Sunday, February 21, 2010

posted by O.W.

This is like the answer back to all those folksy singer/songwriters trying to be cute by covering Dre and Snoop songs.

A few updates.

One reason I've been slow to post here is because I had knock these out...

  • Sade review.
  • Africa Boogaloo review.
  • Song of the Day about "Cumbia Moderna De Soledad" from Black Man's Cry.


  • Another Song of the Day for that Little Ann song.
  • A review of Freeway's Stimulus Package
  • Guest post for Super Sonido's 45 series.

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  • Saturday, February 13, 2010

    posted by O.W.

    I hate to pick on something done for charity but can we just talk about how stunningly terrible this is? Four things off the top of my head (just so I don't explode in criticism):

    1) It's been a quarter century since the OG "We are the World." Are you telling me no one could find a way to write a new ensemble song? Are you f----ing kidding me?

    2) Bringing back video of the original artists - MJ for example - was tacky. And again, says something very poor about the current state of popular music.

    3) Speaking of that current state...the train wreck of styles here was just painful. The original arrangement just was not designed to incorporate much of a hip-hop segment and then way they crammed it in here did a disservice to everyone.

    4) Autotuned Lil Wayne? Really?

    I could go on. But good god, next time someone asks for how the road to hell is paved with good intentions, please send them the link to this.

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    Wednesday, December 02, 2009

    OH SNAP!
    posted by O.W.

    Some time in either the late '90s or early '00s, I was at a De La Soul show in the Bay Area. To be honest, for whatever reason, the energy was kind of flagging throughout the whole thing (I had seen some great De La shows in the past, this just didn't happen to be among the more stellar ones).

    Biz had been one of the opening DJs and during the De La's set, they brought him out and he sang the chorus to "Just a Friend."

    Brought the house down. It was the most energized the crowd had been the entire night. And the thing is - I don't remotely consider Biz to be a one-hit wonder but it is frickin' amazing how powerfully that song has remained in popular culture.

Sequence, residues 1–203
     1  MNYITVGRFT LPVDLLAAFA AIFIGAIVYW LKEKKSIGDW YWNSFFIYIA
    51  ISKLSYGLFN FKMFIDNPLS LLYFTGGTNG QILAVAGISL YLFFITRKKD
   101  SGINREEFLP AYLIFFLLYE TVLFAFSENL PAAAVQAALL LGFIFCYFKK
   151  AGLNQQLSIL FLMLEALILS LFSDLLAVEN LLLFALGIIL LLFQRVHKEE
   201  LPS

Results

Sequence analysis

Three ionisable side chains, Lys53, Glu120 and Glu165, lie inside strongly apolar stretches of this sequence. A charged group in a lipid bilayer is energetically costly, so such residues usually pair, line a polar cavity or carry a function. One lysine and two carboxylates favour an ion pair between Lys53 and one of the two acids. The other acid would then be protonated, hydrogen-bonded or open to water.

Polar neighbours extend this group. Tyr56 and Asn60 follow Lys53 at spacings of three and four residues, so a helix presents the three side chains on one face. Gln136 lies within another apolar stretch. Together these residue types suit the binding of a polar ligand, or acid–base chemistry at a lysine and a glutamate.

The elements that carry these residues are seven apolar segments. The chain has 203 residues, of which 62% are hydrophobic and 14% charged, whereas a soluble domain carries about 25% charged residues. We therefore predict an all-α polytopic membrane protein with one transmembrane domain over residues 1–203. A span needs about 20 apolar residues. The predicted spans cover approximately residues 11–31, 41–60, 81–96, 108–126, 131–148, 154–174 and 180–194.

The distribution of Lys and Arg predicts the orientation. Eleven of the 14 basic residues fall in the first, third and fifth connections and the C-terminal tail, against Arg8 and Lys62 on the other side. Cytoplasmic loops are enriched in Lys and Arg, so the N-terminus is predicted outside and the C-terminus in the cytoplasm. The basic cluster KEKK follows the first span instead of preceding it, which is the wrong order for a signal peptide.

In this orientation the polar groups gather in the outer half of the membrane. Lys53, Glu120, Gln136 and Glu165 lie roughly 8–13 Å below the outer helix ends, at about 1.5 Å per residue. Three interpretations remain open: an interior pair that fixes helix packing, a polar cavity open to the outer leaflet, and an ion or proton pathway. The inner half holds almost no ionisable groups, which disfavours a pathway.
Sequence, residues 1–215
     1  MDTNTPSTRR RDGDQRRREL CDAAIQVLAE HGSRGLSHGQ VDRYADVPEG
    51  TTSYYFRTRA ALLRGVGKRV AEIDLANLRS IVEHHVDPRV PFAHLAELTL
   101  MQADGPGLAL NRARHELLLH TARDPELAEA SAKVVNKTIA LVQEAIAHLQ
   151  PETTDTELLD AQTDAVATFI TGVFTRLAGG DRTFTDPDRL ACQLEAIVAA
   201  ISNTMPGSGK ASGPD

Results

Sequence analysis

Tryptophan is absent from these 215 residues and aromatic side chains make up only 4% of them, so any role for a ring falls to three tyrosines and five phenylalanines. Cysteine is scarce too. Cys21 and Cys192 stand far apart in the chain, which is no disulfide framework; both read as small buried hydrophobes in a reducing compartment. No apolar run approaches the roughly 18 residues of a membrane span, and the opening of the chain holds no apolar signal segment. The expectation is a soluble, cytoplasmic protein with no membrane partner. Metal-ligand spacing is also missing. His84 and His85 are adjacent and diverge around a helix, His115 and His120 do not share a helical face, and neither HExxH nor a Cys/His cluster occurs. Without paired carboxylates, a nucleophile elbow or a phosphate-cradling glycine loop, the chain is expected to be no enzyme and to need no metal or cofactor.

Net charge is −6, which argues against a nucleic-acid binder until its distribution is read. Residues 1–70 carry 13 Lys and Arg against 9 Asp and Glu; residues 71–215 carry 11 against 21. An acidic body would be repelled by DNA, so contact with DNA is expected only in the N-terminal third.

I've always been curious what Freddie Scott must have thought of that phenom.

    (One more from the Diabolical).

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    Monday, November 30, 2009

    posted by O.W.

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    Saturday, November 28, 2009

    posted by O.W.

    The 80s keep coming back!

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    Saturday, November 07, 2009

    posted by O.W.

    I heart Sesame Street. See more flavor here.


    Sunday, August 30, 2009

    posted by O.W.

    This dude is off the chain.

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    Sunday, August 16, 2009

    posted by Eric Luecking

    Lushlife, whose debut album was released in July (and covered here at Soul-Sides), has been doing an acoustic covers series of classic hip hop tunes on the Rapster Records YouTube site.

    Cru – Just Another Case

    Jay-Z - Dead Presidents (version 1)

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    Monday, August 10, 2009

    posted by Eric Luecking

    Mayer Hawthorne - Maybe So, Maybe No from Stones Throw on Vimeo.

    Stones Throw just released a new video for Mayer's “Maybe So, Maybe No” cover. Nice little summer party toward the end of the video. A couple of shout-outs to the King of Pop are mixed in the video, too.

    Also, on Stones Throw's Jukebox you can hear “Your Easy Lovin (Ain't Pleasin Nothin)” from his upcoming album. He definitely shows his Detroit roots with this nice little Motown Sound backbeat. With the mini-break coming out of that first hook, I always think The Supremes are going to jump in with “No love, love... don't come easy.” Of course they don't, but that's okay. That infectious hook and the way he stretches out “blue” right before the chorus as well as that sax solo are more than enough to put a nod in my head and a smile on my face.

    Best believe this album is one to buy come September 8/9. Hold off on just one Beatles reissue for this album. You won't be disappointed.

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    Saturday, August 01, 2009

    posted by O.W.

    As I've been stressing, there's a reason I encourage people to get on-board with the Soul Sides Facebook feed. You don't have to love the site but they do make linking items quick and simple (and heck, you don't even have to join to look at it).

    As a courtesy though, here's some highlights of stuff I've been throwing up there of late:

  • Phil Da Soulman sharing a rare mix of LL Cool J's "No Airplay."

  • Philaflava's Latee compilation + Meters Samples Vol 1.

  • Passion of the Weiss' presents Murs and the L.A. Leakers' "Damn, It Feels Good to be a Gangsta" mixtape

  • Soundbombing's impressive journey through Africa series.

  • Elliot Wilson's Daily Breaks

  • An incredible story of a Sacramento man who discovers his mother's old records at a flea market.

  • Jared Boxx's Exclusive Secret Rendezvous Mixtape

  • King Most's rare ATCQ rips.

  • Breath of LIfe's essential Round Midnight Mix

  • Earfuzz's dissection of "Just Hangin' Out"

    And two videos you need to enjoy:

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  • Monday, July 06, 2009

    posted by Eric Luecking